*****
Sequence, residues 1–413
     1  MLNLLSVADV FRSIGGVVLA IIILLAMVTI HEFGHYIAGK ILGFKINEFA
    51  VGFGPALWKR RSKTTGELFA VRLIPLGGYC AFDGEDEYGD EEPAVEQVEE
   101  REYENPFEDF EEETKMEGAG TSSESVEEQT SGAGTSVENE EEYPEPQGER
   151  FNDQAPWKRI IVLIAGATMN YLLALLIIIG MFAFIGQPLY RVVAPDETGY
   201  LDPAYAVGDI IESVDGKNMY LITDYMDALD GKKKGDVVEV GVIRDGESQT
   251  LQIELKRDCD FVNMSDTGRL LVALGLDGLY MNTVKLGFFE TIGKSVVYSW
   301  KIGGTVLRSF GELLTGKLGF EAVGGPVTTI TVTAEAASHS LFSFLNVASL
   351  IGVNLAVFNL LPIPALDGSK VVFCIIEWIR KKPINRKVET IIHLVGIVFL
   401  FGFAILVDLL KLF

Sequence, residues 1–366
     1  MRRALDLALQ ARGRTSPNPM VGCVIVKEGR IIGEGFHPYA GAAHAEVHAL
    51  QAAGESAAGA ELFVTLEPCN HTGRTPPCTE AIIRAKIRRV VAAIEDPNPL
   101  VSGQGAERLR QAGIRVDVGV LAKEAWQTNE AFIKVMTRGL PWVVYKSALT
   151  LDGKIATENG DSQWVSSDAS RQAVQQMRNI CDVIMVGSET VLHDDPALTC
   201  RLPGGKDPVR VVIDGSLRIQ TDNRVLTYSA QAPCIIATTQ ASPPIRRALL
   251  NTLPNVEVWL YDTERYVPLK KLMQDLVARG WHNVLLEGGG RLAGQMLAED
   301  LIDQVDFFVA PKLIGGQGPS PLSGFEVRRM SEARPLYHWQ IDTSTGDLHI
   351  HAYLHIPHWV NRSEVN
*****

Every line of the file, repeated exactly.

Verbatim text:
Sequence, residues 1–413
     1  MLNLLSVADV FRSIGGVVLA IIILLAMVTI HEFGHYIAGK ILGFKINEFA
    51  VGFGPALWKR RSKTTGELFA VRLIPLGGYC AFDGEDEYGD EEPAVEQVEE
   101  REYENPFEDF EEETKMEGAG TSSESVEEQT SGAGTSVENE EEYPEPQGER
   151  FNDQAPWKRI IVLIAGATMN YLLALLIIIG MFAFIGQPLY RVVAPDETGY
   201  LDPAYAVGDI IESVDGKNMY LITDYMDALD GKKKGDVVEV GVIRDGESQT
   251  LQIELKRDCD FVNMSDTGRL LVALGLDGLY MNTVKLGFFE TIGKSVVYSW
   301  KIGGTVLRSF GELLTGKLGF EAVGGPVTTI TVTAEAASHS LFSFLNVASL
   351  IGVNLAVFNL LPIPALDGSK VVFCIIEWIR KKPINRKVET IIHLVGIVFL
   401  FGFAILVDLL KLF

Sequence, residues 1–366
     1  MRRALDLALQ ARGRTSPNPM VGCVIVKEGR IIGEGFHPYA GAAHAEVHAL
    51  QAAGESAAGA ELFVTLEPCN HTGRTPPCTE AIIRAKIRRV VAAIEDPNPL
   101  VSGQGAERLR QAGIRVDVGV LAKEAWQTNE AFIKVMTRGL PWVVYKSALT
   151  LDGKIATENG DSQWVSSDAS RQAVQQMRNI CDVIMVGSET VLHDDPALTC
   201  RLPGGKDPVR VVIDGSLRIQ TDNRVLTYSA QAPCIIATTQ ASPPIRRALL
   251  NTLPNVEVWL YDTERYVPLK KLMQDLVARG WHNVLLEGGG RLAGQMLAED
   301  LIDQVDFFVA PKLIGGQGPS PLSGFEVRRM SEARPLYHWQ IDTSTGDLHI
   351  HAYLHIPHWV NRSEVN